Everything we learned from an afternoon at Preston’s own chocolate factory as city named in top four for chocoholics

Beech’s Fine Chocolates are a family-run business and have produced traditional British chocolates from their Preston factory since 1920

Preston has been listed as one of the top UK capitals of chocolate. This could be no surprise for somewhere well known for being an industrial hub, but I’m sure I am not the only person who imagined a Chocolate Capital to be filled with chocolate rivers and golden tickets.

Birds Bakery, a sweet and savoury treat specialist, created a league table of chocoholic areas in the UK by analysing thousands of Google searches relating to chocolate this year, including Easter eggs, chocolate recipes, and chocolate bars. Of all the chocoholic regions in the UK, Preston came out in fourth according to new figures. Above it are Watford, Lincoln and Cambridge.

I understand chocolate to be something you’re gifted for a number of days throughout December or a hollow egg in April. When it’s not one of those chocolate-orientated months, I might sneakily add a bar of Dairy Milk to my shop when a Netflix night is calling or if I am feeling sad.

Over on Fletcher Road is Preston’s own chocolate factory. Beech’s Fine Chocolates are a family-run business and have produced traditional British chocolates from their Preston factory since 1920.

When I heard Preston was in the top five of chocolate capitals, I decided I’d give them a ring to see if there was any chance at all I could come and learn about what happens beyond the golden gates. Obviously I expected my chances to be slim, I expected entry to be as exclusive as Willy Wonka’s Factory, but after speaking to Michael Whiting who runs the factory with his brother, I was set to go. I was Charlie Bucket.

On the way I felt apprehensive. Surely the best part of chocolate is that you’ll never understand how it is made so flawlessly well. What if I was rotten? What if I got shot up the pipe straight to the Fudge Room?

Michael got me kitted up with a protective white coat and a blue hair net that I felt really brought out the colour of my eyes and we began our tour.

To begin, we went into the order room which was packed with ready-to-go boxes of anything you could possibly want. Dark chocolate, milk chocolate, truffles, fondants, chocolate brazils, ginger chocolate, and finally, mint chocolate.

If you have ever been in a room that smells obviously of mint chocolate, you will know how much of a novelty it is. I imagine that’s how a dog feels when it knows your cooking sausages.

We then headed into the factory and there was so much to take in at once. While you walk through stacks of stock, you might turn your head and see a group of employees working on something else just through the curtain.

What was quickly apparent was that at Beech’s, old machinery is still very much the way forward – it’s almost like its own museum. To pan out the chocolate, they use these copper bowls which are so big the only size comparison I can think of is a tractor wheel.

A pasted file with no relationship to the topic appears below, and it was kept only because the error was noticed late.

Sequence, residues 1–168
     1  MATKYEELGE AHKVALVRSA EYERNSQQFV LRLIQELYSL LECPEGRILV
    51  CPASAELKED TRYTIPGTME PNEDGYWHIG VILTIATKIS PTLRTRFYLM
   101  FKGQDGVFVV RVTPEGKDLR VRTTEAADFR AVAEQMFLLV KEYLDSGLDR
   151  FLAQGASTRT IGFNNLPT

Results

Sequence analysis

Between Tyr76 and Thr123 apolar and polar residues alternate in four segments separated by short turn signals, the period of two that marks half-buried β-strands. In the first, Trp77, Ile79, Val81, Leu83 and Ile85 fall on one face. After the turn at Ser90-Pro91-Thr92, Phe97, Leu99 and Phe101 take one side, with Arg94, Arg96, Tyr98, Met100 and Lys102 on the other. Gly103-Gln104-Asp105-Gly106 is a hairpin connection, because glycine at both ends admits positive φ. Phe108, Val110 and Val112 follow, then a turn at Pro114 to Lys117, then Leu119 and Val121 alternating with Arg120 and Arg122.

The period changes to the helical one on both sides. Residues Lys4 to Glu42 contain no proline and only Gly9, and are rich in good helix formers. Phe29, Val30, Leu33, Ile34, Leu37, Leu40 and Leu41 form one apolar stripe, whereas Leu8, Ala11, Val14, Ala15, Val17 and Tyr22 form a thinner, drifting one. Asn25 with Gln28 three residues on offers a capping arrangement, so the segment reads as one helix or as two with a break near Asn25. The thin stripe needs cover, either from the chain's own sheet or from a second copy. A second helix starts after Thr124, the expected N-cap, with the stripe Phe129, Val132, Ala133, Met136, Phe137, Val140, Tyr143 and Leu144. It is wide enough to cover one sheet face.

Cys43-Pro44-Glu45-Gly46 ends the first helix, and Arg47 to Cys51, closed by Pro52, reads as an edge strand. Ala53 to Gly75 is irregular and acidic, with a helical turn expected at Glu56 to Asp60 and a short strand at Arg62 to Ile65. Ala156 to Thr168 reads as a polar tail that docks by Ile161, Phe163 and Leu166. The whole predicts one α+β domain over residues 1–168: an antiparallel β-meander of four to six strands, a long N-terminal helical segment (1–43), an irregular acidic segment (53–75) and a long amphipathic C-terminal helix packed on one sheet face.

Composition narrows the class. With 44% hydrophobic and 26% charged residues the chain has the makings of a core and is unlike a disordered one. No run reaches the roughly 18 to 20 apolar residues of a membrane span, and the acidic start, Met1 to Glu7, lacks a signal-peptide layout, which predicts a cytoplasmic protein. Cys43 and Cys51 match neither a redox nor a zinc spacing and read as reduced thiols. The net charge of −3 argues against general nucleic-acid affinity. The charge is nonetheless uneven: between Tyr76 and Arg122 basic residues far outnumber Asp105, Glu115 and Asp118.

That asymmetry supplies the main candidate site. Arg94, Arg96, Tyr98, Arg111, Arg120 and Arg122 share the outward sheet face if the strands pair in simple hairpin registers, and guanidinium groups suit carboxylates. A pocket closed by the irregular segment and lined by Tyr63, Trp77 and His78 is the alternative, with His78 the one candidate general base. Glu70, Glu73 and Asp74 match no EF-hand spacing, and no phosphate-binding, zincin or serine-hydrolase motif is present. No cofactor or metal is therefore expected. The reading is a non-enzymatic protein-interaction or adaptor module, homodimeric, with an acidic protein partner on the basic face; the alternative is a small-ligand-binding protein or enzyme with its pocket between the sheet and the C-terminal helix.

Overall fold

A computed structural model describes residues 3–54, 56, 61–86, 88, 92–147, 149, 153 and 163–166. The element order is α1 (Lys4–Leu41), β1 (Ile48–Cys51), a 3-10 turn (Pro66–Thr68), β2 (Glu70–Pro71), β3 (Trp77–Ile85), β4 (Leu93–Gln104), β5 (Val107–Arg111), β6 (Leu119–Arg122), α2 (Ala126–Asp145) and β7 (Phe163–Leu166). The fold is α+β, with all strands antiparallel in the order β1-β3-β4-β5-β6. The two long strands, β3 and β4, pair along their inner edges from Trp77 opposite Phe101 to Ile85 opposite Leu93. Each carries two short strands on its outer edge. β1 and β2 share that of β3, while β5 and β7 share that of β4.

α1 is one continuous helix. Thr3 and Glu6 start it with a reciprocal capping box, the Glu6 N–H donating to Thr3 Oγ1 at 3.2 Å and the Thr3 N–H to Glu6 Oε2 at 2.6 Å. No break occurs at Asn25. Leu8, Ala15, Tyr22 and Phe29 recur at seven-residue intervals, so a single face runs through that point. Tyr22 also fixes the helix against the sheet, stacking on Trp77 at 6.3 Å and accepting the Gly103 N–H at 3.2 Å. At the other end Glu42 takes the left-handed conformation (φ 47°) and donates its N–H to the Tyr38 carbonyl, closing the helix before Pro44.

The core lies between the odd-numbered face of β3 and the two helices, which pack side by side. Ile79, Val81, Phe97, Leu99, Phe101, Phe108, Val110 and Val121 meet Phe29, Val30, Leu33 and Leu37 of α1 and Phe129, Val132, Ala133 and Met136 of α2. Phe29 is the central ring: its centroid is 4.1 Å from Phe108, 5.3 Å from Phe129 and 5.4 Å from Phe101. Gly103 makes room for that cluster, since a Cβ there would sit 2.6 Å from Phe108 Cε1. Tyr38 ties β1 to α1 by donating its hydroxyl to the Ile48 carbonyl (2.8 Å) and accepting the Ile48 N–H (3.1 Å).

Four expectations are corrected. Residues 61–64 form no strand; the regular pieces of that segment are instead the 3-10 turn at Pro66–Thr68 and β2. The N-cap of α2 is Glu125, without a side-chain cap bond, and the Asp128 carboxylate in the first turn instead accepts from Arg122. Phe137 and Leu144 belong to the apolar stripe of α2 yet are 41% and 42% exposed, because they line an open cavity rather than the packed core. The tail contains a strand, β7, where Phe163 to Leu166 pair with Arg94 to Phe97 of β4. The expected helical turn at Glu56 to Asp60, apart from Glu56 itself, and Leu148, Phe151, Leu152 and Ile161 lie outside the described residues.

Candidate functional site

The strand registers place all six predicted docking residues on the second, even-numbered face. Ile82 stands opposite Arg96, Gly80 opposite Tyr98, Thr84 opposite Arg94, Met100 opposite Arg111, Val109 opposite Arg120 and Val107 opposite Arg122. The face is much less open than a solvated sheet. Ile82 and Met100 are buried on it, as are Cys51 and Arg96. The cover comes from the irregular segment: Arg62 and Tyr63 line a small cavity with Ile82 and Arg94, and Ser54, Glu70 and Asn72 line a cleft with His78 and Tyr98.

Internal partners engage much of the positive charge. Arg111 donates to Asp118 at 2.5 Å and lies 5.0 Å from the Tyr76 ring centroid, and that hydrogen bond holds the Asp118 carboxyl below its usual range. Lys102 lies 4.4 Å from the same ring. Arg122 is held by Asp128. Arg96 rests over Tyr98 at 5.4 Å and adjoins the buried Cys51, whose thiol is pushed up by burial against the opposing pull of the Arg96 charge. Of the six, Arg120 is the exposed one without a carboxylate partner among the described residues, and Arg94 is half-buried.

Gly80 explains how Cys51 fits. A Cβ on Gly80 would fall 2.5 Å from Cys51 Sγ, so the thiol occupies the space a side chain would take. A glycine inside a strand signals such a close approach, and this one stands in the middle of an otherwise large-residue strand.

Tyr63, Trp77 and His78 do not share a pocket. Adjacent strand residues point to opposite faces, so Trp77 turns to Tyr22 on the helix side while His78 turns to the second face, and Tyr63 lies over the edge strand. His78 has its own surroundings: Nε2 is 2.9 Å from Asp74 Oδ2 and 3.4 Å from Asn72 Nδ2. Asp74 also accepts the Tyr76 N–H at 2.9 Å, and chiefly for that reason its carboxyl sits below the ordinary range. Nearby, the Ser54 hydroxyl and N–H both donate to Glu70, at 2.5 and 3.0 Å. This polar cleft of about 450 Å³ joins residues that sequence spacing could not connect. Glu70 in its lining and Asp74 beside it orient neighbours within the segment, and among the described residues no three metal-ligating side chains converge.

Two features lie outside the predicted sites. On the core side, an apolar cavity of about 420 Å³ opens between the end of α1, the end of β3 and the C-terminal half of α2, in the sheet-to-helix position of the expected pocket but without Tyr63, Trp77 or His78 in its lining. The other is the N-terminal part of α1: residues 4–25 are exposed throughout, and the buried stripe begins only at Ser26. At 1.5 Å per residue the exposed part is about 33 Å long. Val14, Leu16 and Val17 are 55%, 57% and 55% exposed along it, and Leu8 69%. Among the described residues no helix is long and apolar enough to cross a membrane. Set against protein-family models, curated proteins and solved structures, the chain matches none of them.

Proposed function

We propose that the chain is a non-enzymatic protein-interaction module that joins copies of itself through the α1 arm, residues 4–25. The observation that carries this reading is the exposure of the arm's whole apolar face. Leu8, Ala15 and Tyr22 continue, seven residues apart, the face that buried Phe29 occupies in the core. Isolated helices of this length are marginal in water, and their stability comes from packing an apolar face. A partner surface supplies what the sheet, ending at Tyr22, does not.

Sure, there were no chocolate rivers or rooms full or trees made of caramel chips, but Michael showed us the teamwork behind picking and packing the boxes that we are so used to seeing on our shelves and it is a really humbling moment.

The boxes quickly jet down a conveyer where staff take their (quick) turn to place and pack them until they reach the end and are added to the stockpile. There is so many people behind each box of chocolate. I’m not quite over it even now.

As we continued through the factory, Michael wanted to show us the process of making a brand new type of truffle. There we met a gentleman who had worked for Beech’s since the 1960s. He was working alone and had his own copper bowl to pan the chocolate out.

By time we had reached here, Michael showed us the huge bowl of chocolate where flavoured syrups are added and mixed into the smoothest chocolate I have ever seen in my life. It literally looked like water.

A giant spoon is used to mix the huge chocolate spread and it was so satisfying to stir. Imagine a soft chocolate mix whirling in front of you like some incredible oil painting. It should be framed in the National Gallery.

We eventually left as to not interrupt the new truffle making and continued through to see the cooling room where the chocolate is laid, pressed and cut into their respective shapes. From there we saw the packaging room which had some exceptional machinery.

Throughout Beech’s Chocolate Factory, there is a stunning display of old meets new. There’s even a safe where bosses had once handed out wages. There’s also one thing really apparent. A lot of love and effort goes into your fine chocolate, whether it be a little Easter egg or a box of chocolate brazils. There is so much purpose in every step, and its pretty remarkable.

 

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